Posted on Sep 25, 2011 11:51:57 AM PDT
M. Mcnivens says:
The trouble with behavioral econ is that ignores irrationality in politics and the public sector. Behavioral Economists have made strong claims regarding the potential for using public policy to improve market outcomes. Markets may seem distubingly irrational when compared problem solving by electrical engineers, but markets are highly rational compared to politics. Engineers frequently fall prey to the notion that society can be designed and improved through scientific methods, but its politicians, not scientists, who actually craft and implement policy. All that BeEc adds to Classical Econ is the false notion that "we" can design and build a better economy than one which evolves out of competition. The Institutional Darwinism of Adam Smith and David Hume was correct.
Posted on Oct 21, 2011 6:45:22 AM PDT
James B. Johnson says:
What youre speaking of is how advertising works. Expose people to the message often enough and theyll accept it.
In reply to an earlier post on Dec 13, 2011 12:57:11 PM PST
I don't think markets are more rational. In so far compared to free market dogma's assertion of efficiency and rationality, we should not then experience markets bubbling and busting once or twice now a decade since time immemorial. I think it's tempting to see the bust portion of the business cycle as a rationality signal, but in reality as the current recession indicate, it is more akin to Keynes animal spirits where uncertainty prevails.
The market cannot price the future of Euro markets, nor can it accurately forecast demand in the USA accurately to any useful time window. China ironically with its laser sharp Keynesian focus engendering demand on demand is turning out to be more rational and systematic, as are the Germans.
To Drifty's original comparison of classical v relativity, I daresay a better comparative would be with quantum mechanics, and the matriced Heisenbergian uncertainty inherent in the very foundations of the natural world and reality as we know and measure it. QM deals with individual atomic actors whose interactions are predictably irrational as behavioral economics suggests in the same vein that humans are rationally irrationally... which in my view is that evolution thru the ages has constructed our minds and bodies to perceive things to survive and reproduce, which has gotten us this far obviously. But with modernity, there are gaps between what evolution engendered and the perceptive gaps and blind spots we are now discovering about ourselves.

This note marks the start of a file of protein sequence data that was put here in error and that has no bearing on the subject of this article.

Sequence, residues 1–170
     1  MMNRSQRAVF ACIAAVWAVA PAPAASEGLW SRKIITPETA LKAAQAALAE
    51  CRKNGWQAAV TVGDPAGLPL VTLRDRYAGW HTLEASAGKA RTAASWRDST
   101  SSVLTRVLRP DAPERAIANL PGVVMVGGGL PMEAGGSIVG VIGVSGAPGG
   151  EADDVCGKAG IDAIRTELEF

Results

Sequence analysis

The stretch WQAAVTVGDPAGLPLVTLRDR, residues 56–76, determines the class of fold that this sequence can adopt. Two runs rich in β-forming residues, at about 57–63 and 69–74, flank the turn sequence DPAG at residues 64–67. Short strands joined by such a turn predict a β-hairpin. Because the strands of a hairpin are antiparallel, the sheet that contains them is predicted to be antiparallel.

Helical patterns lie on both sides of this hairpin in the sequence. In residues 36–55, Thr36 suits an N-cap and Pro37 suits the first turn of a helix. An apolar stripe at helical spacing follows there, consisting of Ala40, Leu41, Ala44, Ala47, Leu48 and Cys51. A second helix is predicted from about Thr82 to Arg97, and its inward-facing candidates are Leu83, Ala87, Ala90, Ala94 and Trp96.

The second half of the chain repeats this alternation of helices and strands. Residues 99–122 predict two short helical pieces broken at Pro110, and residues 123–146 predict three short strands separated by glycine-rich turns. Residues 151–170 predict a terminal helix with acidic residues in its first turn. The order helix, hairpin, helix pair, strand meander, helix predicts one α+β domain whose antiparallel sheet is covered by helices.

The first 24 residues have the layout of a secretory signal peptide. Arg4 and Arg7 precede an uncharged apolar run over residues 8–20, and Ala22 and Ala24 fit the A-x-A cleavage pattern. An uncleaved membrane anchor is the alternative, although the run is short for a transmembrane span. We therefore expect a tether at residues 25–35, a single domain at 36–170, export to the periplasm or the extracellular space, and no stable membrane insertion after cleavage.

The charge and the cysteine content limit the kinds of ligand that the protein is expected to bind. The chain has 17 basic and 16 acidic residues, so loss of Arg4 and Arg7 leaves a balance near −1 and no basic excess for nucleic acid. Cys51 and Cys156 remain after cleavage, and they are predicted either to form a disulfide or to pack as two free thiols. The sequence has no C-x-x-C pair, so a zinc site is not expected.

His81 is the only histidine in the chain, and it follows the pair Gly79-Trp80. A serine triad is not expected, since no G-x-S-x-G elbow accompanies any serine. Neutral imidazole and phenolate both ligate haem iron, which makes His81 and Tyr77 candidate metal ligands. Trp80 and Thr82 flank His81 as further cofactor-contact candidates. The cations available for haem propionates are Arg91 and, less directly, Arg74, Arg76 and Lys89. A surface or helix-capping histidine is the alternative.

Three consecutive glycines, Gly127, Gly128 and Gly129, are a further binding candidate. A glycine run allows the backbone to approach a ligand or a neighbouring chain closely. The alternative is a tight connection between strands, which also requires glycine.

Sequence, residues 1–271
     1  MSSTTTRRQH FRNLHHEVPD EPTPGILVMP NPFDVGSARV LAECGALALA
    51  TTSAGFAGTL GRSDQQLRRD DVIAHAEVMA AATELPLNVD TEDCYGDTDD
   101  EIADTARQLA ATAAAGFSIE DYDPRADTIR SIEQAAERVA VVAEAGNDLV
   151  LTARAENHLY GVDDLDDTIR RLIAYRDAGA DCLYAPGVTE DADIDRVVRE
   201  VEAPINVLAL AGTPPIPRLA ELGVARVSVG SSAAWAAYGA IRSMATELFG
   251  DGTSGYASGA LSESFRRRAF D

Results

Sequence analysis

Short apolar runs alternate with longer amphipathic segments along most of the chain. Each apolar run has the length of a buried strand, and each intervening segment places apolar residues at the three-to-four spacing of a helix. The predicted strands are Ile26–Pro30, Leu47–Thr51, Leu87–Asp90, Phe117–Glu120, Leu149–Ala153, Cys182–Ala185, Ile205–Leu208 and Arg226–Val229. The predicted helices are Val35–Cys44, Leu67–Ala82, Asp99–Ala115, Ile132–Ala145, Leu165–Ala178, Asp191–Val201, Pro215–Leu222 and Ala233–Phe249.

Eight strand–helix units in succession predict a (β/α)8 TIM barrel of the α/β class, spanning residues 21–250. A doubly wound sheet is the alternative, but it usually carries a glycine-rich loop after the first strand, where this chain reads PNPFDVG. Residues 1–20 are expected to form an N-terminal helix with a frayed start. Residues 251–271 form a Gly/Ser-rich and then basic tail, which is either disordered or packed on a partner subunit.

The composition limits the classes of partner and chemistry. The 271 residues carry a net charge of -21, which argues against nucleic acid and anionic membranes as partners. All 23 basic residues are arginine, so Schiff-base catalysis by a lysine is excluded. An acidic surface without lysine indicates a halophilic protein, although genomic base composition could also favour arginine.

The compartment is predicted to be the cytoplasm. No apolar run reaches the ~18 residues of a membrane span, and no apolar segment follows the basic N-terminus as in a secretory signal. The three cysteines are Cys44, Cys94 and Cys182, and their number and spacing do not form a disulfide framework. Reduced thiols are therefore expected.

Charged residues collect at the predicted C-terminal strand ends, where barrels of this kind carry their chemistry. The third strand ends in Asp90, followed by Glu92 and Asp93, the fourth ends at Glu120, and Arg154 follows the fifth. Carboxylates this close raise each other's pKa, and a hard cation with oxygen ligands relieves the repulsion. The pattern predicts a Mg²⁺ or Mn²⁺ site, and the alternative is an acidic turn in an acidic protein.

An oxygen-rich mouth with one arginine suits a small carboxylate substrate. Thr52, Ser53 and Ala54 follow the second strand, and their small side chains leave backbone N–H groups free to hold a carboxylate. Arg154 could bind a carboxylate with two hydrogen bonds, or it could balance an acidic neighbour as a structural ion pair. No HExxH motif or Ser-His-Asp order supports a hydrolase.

Posted on Jul 19, 2012 5:34:42 AM PDT
Paul M. Tidwell says:
I just have to say that I LOVE That your experience and your reading of this book helped reform you away from darwinist thought. To me evolutionary biology is showing us that reciporical alturism is the way to go.
In reply to an earlier post on Jul 19, 2012 5:40:49 AM PDT
Paul M. Tidwell says:
this was an awesome reply =)
Posted on Sep 17, 2012 11:53:47 AM PDT
EASY TRAVELER says:
Thanks for the review. Comes from an educated person. I got this book for my daughter. She's an RN. She was a school teacher too. She has a special way of screwing her life up. A lot. I figure the title alone might trigger something close to an improvement!
Behavioral psychology is very definitely used to influence people every day! That is why things are the way they are. There is no such thing as an accident. Goofs are carefully planned and executed.
When I get back from Europe I am going to get this book and "Thinking Fast and Slow". They work like a black light to reveal a different reality.
In reply to an earlier post on Nov 1, 2012 7:42:23 PM PDT
Thank you. I'm rather humbled to return here after such a long time and find my own as the #1 review on this book. I never would have anticipated that. Humbled.